Climate Change: No One is Exempt

February 1, 2017

By Sarah “Steve” Mosko

Appeared:
PopularResistance.org, 10 Apr, 2017
Fullerton Observer, mid Feb, 2017 (p. 20)
San Diego Free Press, 03 Feb, 2017
EarthTalk
, 02 Feb, 2017

1309_consensus-graphic-2015-768pxLuckier Americans are insulated from many everyday worries, like struggling to pay the rent or mortgage on time. Some even enjoy life in gated communities, fine dining and first-class travel. But, just as money is no guarantee of happiness, neither is it assurance of protection against all of the frightening impacts of unchecked global warming.

2016 was the third straight year that the Earth’s temperature was the hottest on record. Contrary to what one might hear in politicized discourse, climate scientists are nearly unanimous in concluding climate change is happening and is the result of burning fossil fuels for energy.

The United Nations and scientific organizations worldwide warn that effects of climate change are already being felt and that the Earth is more than half the way to a temperature increase of 2 degrees Celsius, beyond which runaway global warming will produce irreversible, catastrophic effects. Even worse, if global greenhouse gas emissions remain on their current trajectory, children living today can expect to experience the fallouts of a temperature increase topping 4 degrees Celsius by end of this century.

Despite such dire predictions, Americans, rich and poor, overwhelmingly believe climate change is not a threat to them personally. In a nationwide, county-by-county poll conducted in 2015, in not a single county did the majority of respondents believe climate change will affect them personally, though majorities in 99% of counties felt future generations would be.

The difficulty Americans have in understanding their own vulnerability to climate change stems in part from failing to see beyond the direct effects of climate change – heatwaves, droughts, storms and floods – to appreciate all the indirect effects on health and safety from air pollution, spread of infectious diseases, food and water shortages, population migrations and conflicts.

These indirect effects of climate change place everyone at risk. Read the rest of this entry »


Human Activity Ushers in New Geologic Epoch

February 14, 2016

(and it’s not very pretty)

By Sarah “Steve” Mosko

Appeared:
Fullerton Observer, Mid Mar, 2016, p. 18
EarthTalk, 26 Feb, 2016
PopularResistance.org, 22 Feb, 2016
San Diego Free Press, 19 Feb, 2016
OB Rag, 19 Feb, 2016

Earth's history recorded in sedimentary stratifications

Earth’s history recorded in sedimentary stratifications

By mid-twentieth century, humans had altered the Earth to such an extent as to mark the start of a new geologic epoch named the Anthropocene, concluded an international consortium of researchers in a January issue of the preeminent journal Science.

Scientists divide Earth’s 4.5 billion year history into so-called epochs or time units based on major shifts in the composition and state of the planet as recorded in distinct stratifications in rocks, sediments and glacier ice. Previous transitions from one geologic epoch to the next were triggered by either cyclical drivers of climate change, like variations in the Earth’s orbit or solar radiation, or irregular events like volcanic eruptions.  The most recent epoch for example, the Holocene, spanned ~12,000 years and was ushered in by a period of interglacial global warming.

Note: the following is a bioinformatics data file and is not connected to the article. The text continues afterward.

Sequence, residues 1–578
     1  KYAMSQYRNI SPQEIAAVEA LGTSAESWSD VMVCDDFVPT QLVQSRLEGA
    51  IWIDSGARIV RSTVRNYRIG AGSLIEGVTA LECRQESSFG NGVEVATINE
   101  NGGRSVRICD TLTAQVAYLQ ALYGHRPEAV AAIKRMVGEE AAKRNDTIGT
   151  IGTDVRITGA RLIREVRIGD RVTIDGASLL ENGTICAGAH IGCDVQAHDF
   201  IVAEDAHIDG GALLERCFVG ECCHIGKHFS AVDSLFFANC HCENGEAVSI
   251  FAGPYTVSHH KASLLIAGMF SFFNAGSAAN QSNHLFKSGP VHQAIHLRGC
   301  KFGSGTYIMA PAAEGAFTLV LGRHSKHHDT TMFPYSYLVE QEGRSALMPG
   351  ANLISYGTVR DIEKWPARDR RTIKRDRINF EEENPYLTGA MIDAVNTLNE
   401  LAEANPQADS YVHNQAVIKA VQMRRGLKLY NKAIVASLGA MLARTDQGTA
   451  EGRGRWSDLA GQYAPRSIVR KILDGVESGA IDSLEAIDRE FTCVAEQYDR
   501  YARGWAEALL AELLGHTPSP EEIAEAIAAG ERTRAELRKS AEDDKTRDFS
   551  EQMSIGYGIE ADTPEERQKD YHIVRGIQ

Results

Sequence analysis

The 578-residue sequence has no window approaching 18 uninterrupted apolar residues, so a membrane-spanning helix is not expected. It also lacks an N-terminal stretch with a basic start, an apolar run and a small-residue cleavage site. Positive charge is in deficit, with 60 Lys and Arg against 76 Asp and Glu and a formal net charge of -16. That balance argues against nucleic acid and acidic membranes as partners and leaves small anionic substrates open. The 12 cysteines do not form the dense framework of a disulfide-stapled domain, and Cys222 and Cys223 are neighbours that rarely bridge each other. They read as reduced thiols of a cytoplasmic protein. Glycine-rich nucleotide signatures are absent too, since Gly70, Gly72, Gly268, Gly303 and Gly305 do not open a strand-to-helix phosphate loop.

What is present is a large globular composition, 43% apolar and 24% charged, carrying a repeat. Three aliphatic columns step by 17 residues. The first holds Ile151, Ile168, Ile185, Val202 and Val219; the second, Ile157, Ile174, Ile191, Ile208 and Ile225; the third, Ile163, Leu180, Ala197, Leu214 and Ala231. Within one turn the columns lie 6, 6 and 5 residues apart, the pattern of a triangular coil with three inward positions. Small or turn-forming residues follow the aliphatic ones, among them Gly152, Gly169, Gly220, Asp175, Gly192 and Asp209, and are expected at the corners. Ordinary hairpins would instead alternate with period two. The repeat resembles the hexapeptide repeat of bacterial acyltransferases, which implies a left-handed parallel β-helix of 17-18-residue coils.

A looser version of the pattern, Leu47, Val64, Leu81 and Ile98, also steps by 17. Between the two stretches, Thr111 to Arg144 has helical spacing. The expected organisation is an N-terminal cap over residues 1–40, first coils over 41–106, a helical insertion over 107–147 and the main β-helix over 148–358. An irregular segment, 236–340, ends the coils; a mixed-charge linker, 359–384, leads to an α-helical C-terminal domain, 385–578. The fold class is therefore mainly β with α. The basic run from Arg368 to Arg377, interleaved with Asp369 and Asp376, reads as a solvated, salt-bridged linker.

Transition to the Anthropocene, in contrast, is driven by an unprecedented rate of change to the global environment caused by a convergence of three human factors: rapid rises in population growth, technological development and resources consumption, starting about 1950. So although Homo sapiens first emerged as a species about 200,000 years ago, it wasn’t until last century that their numbers and impact were sufficient to drive the permanent changes we now see to the Earth’s system.

Read the rest of this entry »


Climate Change Fixers’ Bag of Tricks

September 24, 2015

Will Congress Act in Time?

By Sarah “Steve” Mosko

Appeared:
San Diego Free Press, 25-Sep, 2015
E-Magazine’s EarthTalk, 25-Sep, 2015
Val-E-Vents (Sierra Club, San Fernando Valley), Nov, 2015

Bag of tricksHalting global warming is the chief environmental challenge of our time.

While heat-trapping carbon dioxide (CO2) is not the only greenhouse gas (GHG), it’s the most abundant and longest-lived in the atmosphere and contributes the most to global warming.  In March, atmospheric CO2 content reached a new high of 400 parts per million, already past the 350 limit many scientists believe is a safe level above which we risk triggering irreversible consequences out of human control.

Second only to China as the largest CO2 emitter, it’s incumbent on the United States to lead the world in addressing global warming.  The Intergovernmental Panel on Climate Change estimates that the window of time to avoid the worst effects is just a few decades.  Yet the United States has not adopted even a nationwide strategy.

Neither producers nor consumers of energy from fossil fuels pay for the environmental and social damages wrought.  These so-called externalized costs are shouldered by the public through illness, droughts, violent storms, coastal community destruction, international conflicts, etc.  Externalizing the costs of fossil fuels keeps their market price low, de-incentivizing society to move to renewable energy sources.

Current strategies to wean off fossil fuels fall into four categories.*  Each attempts to internalize the actual costs of burning fossil fuels through incentives to convert to cleaner energy.
Read the rest of this entry »


Why Suburbanites Contribute More to Climate Change

July 9, 2015

By Sarah “Steve” Mosko

Photo: Ursula Alter

Appeared in:
Southern Sierran, 21-July, 2015
E-Magazine’s EarthTalk, 09-July, 2015
San Diego Free Press, 14-July, 2015
OB Rag, 15-July, 2015

More and more Americans are taking responsibility for their personal contribution to global climate change by driving fuel efficient cars, insulating their homes and switching to energy efficient lighting and household appliances.